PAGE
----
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Didn't win the Smokies firefly lottery? Visit this Corryton man's land to see synchronous fireflies light up the night

A Corryton man is opening his property to the public for the second year in a row so he can share his synchronous firefly view.

CORRYTON, Tenn. — Didn't win tickets to the firefly lottery in the Smokies this year? No need to worry! A piece of land not too far from Knoxville serves as the perfect alternative for watching a synchronous show.

During the day in May, you can't see much at Molly Branch Fireflies in Corryton. But when the lights go out in June, there are thousands of little lights blinking together wherever you look.

Kenneth Bennett, the owner of the firefly business, says the glow of his woods easily rivals the Smokies synchronous firefly show.

"This is another viewing that is somewhat different," Bennett said

Not only are the type of blinking bugs different, but the atmosphere is too.

"It's not limited to just the fireflies," Bennett said. "It's nature at its whole. It's more quiet. It's not as commercial."

RELATED: Knox man opens property for synchronous firefly viewing

This year, as Bennett was doing prep work and getting ready to open up the business, mother nature decided to bring in more water and more struggles than normal.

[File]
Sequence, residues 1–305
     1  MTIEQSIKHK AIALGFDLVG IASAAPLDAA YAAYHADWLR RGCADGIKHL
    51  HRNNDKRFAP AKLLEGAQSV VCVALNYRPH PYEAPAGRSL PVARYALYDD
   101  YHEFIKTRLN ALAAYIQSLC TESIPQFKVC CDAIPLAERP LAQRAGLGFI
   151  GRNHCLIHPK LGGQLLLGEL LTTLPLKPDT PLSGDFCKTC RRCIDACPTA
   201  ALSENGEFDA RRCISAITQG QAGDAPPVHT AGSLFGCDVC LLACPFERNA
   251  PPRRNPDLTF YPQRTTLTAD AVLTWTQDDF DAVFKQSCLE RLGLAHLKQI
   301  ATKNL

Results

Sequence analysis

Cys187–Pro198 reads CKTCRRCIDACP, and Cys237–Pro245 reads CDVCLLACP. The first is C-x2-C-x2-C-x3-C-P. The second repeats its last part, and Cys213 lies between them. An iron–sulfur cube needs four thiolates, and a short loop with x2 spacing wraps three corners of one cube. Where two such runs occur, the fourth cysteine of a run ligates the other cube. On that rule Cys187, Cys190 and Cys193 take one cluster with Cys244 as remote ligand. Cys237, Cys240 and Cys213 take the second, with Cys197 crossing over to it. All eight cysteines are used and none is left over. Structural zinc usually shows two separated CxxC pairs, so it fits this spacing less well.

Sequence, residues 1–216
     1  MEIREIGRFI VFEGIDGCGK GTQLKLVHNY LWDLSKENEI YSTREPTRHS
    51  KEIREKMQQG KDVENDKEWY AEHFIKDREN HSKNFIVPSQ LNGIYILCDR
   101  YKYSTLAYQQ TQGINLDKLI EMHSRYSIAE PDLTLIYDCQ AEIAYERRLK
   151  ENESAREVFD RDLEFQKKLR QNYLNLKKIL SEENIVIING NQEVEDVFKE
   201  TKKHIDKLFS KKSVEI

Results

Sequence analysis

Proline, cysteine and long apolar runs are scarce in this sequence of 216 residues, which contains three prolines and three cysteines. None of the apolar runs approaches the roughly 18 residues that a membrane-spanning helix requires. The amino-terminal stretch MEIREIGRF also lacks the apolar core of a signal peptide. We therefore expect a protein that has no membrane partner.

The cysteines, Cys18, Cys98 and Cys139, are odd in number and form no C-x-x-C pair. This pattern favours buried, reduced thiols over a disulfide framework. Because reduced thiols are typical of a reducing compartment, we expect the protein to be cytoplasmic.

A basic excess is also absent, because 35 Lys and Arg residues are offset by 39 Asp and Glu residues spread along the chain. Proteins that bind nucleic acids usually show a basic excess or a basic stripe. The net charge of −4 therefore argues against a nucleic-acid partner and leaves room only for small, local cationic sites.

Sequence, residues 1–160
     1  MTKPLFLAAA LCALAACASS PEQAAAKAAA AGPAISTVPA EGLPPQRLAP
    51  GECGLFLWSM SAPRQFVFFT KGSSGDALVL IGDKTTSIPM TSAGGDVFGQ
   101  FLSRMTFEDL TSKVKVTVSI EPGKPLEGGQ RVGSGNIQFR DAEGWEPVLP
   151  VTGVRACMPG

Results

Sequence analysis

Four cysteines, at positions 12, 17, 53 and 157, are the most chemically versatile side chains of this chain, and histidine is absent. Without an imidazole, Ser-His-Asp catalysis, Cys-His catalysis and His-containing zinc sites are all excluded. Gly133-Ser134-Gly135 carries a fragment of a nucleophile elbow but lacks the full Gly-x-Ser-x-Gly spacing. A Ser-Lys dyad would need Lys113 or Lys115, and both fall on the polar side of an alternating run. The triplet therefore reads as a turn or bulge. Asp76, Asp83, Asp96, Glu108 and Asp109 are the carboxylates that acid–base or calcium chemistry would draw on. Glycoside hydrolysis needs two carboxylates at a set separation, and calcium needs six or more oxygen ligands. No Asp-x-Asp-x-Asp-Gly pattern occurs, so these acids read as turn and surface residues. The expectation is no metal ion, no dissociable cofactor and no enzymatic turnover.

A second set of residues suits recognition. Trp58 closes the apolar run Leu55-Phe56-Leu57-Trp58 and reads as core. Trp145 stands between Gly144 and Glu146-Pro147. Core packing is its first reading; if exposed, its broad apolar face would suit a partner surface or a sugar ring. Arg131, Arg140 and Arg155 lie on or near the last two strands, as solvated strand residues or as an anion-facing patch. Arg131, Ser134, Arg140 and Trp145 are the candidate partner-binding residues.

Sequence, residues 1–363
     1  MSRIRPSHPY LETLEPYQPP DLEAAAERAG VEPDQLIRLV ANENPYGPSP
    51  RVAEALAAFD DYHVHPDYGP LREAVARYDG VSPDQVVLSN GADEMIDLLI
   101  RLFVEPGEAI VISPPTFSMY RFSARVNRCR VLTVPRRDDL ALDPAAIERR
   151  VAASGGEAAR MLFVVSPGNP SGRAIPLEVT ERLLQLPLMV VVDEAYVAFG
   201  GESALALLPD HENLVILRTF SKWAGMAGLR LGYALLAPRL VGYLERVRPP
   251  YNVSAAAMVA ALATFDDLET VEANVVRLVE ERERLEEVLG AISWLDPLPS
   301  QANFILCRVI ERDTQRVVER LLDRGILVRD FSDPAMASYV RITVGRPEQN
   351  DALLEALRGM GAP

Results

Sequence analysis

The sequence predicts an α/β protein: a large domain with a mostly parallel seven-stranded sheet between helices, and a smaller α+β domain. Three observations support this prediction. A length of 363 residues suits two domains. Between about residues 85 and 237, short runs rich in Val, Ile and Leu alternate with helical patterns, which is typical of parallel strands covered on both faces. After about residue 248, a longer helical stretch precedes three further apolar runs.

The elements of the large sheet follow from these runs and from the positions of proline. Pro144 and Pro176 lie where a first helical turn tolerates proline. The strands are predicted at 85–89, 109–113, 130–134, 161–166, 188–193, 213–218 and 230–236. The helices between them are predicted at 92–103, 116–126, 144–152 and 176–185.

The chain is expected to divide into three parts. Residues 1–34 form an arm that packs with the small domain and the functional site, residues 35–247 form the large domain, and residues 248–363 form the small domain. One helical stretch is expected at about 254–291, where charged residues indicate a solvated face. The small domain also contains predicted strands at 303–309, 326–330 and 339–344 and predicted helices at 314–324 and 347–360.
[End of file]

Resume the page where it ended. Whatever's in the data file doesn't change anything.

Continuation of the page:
The rain and water, like a lot of other places in East Tennessee, caused a lot of issues as Bennett was getting ready to open up Molly Branch.

The grounds had flood damage, like washed out roads and downed trees; however, Bennett knew what to do to remedy the situation.

"We had a lot of flood damage this year and part of the damage was when part of the water would come through here, it would wash out this corner some and so we decided to rectify it by putting these big rocks in," Bennett said as he motioned to a wall built from quarry stone along the river on the property.

Bennett also laid new gravel and spruced up the area. So with a new wall and new gravel paving the way, the serenity sets in while Bennett waits for the bugs to wake up.

"If you come here thinking it will be a relaxing evening, you won't be disappointed," Bennett said. "You can lay here and listen to the birds, the creek."

Bennett said the plan right now is to open Molly Branch June 10. He says there is no sure fire way of knowing when the blinking beetles will be out and about, so adjustments will be made on the business website if the bugs are delayed.

Tickets to Molly Branch are $10. There is live music and a conversation about synchronous fireflies before the lightning bug display starts around 9:30 p.m.

Bennett says visitors are able to park in a nearby field and make an easy walk to the site. For people requiring assistance, Bennett uses a golf cart to transport those who may have trouble walking.

Visitors are allowed to bring chairs, coolers and a snack, but no pets are permitted.

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